Please note: Startups were called newcomers back then.
If such a notification deluxe rule is inserted, I would favour tougher criteria for the acquirer, and I would scrap the domestic turnover rule and reduce it to what is necessary under international law. This would at least make it more likely to have the next Facebook/WhatsApp in the merger files of the Bundeskartellamt.
This is the law-maker speaking
In the leading party in Parliament, the CDU, Dr. Matthias Heider is responsible for competition issues. He is the most important voice in parliament on the reform. (It has to be admitted that the voice of his Green-party colleague Katharina Dröge is louder at times, she is an economist with plenty ideas for reforming competition law. Yet, she is on the benches of the opposition.). Heider (a lawyer) issued a press release on the draft bill. This is important, because the legislator is speaking here:
„The draft bill offers great opportunities for the free development of medium-sized companies in the digital economy – on the one hand by curbing certain market foreclosure practices of the tech giants and on the other hand by creating additional legal certainty for the cooperation between companies.“
So, § 19a GWB-E and § 32c GWB-E will not meet opposition. But Heider is not completely satisfied:
„However, Heider is critical of a new provision according to which the Bundeskartellamt may oblige certain undertakings to notify any merger, even below the threshold of merger control. “This last-minute addition of the rule,” says Heider, “takes too little account of the legitimate interest of many smaller start-ups and medium-sized companies, whose corporate strategy is currently focused on an exit to a larger competitor.“
Btw, Mrs Dröge from the Green Party also gets
some criticism from Mr Heider for her “expropriation phantasies” that would
damage the German economy.
Elizabeth Warren Katharina Dröge had said:
„If market power is too big, it must be possible to unbundle digital monopolies.“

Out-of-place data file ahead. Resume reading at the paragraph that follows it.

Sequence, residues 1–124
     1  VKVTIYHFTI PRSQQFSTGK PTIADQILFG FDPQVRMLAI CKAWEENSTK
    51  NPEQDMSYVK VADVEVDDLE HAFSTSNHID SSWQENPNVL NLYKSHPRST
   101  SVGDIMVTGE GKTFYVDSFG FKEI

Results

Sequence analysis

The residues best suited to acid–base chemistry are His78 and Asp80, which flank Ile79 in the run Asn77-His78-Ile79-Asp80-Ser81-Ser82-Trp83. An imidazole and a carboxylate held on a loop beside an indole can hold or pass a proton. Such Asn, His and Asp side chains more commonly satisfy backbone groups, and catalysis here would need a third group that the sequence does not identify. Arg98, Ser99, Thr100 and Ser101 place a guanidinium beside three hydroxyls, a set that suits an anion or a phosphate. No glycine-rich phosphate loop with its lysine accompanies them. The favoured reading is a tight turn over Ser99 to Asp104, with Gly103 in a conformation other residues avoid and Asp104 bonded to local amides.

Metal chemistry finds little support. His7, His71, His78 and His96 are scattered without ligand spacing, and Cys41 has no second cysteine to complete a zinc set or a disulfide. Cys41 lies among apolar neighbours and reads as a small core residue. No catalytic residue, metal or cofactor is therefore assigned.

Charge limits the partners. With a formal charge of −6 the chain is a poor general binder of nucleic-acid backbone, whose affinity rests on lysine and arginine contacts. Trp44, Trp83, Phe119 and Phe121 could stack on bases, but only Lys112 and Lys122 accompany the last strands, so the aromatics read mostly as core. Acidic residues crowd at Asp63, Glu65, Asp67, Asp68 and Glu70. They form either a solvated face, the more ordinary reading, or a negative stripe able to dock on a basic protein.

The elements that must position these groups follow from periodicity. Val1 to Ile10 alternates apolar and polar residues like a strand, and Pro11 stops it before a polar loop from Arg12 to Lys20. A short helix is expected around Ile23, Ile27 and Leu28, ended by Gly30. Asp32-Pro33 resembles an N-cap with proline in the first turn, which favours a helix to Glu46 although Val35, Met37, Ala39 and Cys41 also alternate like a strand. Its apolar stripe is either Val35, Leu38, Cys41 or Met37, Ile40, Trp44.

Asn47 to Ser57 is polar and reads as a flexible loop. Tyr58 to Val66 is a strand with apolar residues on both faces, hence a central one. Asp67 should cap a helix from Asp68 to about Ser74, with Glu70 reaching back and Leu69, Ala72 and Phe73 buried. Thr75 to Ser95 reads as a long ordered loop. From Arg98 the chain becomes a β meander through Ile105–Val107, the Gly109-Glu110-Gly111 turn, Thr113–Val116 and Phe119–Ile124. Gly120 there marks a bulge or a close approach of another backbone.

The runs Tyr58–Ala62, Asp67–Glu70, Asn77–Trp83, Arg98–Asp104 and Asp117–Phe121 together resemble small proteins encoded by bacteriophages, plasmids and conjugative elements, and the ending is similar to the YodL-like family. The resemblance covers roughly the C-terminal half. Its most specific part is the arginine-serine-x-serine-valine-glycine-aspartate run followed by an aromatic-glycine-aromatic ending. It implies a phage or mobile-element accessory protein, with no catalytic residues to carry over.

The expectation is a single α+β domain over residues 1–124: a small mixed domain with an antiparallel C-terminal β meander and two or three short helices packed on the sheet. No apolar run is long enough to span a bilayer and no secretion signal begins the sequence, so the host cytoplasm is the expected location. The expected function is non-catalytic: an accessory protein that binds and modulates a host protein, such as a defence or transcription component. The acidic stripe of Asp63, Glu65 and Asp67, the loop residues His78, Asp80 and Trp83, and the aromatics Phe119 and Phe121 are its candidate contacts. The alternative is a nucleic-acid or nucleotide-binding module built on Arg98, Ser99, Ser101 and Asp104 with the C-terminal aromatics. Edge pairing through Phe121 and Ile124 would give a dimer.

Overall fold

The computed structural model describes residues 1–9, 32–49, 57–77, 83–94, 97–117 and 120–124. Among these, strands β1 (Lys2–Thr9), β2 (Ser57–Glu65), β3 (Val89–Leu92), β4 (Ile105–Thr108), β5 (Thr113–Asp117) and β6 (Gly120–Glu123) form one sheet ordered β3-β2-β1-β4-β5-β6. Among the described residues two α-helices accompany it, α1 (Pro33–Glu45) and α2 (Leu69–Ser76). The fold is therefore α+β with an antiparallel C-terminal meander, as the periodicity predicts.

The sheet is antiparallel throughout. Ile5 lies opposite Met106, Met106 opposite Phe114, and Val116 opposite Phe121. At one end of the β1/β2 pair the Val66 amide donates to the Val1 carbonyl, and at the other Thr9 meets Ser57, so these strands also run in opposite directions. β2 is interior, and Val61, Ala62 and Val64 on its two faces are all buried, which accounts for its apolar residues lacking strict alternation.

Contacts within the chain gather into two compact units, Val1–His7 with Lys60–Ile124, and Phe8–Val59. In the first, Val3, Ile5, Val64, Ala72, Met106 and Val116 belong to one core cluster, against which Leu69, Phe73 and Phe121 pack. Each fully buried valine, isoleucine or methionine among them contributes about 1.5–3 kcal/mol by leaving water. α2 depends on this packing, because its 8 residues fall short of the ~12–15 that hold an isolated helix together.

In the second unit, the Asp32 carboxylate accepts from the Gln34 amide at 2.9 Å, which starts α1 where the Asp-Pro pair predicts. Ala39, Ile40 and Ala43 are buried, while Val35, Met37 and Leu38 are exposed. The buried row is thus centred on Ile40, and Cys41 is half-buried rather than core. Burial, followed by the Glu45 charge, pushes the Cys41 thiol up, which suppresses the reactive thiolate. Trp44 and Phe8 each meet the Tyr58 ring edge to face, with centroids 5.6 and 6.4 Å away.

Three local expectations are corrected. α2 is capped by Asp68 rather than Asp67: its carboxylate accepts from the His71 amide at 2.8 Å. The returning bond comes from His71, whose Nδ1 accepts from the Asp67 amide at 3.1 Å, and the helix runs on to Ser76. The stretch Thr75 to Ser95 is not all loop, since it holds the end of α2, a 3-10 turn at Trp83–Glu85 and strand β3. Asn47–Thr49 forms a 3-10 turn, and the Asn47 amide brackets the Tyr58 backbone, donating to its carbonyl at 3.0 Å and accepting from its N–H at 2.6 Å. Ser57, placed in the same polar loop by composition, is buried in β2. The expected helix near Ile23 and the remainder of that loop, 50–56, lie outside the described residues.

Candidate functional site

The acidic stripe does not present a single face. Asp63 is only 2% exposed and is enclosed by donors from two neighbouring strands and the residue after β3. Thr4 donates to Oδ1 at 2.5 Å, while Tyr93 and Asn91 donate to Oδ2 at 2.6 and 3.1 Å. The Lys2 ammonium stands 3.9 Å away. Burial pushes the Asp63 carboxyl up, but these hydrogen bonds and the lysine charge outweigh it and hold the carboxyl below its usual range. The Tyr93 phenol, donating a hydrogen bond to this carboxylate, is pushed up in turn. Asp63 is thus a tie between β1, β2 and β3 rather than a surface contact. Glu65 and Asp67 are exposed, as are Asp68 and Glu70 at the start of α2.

Heider’s criticism may be seen as a little gesture of respect for the colleague. In non-digital terms, by the way, the Green Party recently tabled a motion in the Bundestag, to better protect farmers from excessive market power on the other side.
Heider and Dröge – it is not really a CDU / Green love affair (as some in Germany would love to see). Yet, with these protagonists (and others) we will see a lively and knowledgeable debate in Parliament. And that is more than we dare hope for these days.
Advice for the government
The Monopolies Commission has also made its voice heard with a “policy brief”. The Commission, headed by star economist Achim Wambach, is an independent government think tank for competition policy. The short statement, well … baffled me. This is the executive summary:
“The new types of abuse for companies with paramount cross-market significance should not be introduced in haste.
In the case of exploitative abuses, a causal link between dominant position and abusive behavior should still be present.
The companies affected by the proceedings should be required by law to cooperate more strongly if effective enforcement by the antitrust authorities cannot otherwise be ensured.
An increase in the merger notification thresholds and the associated lowering of competition protection should be combined with a targeted increase of merger review in regional markets.”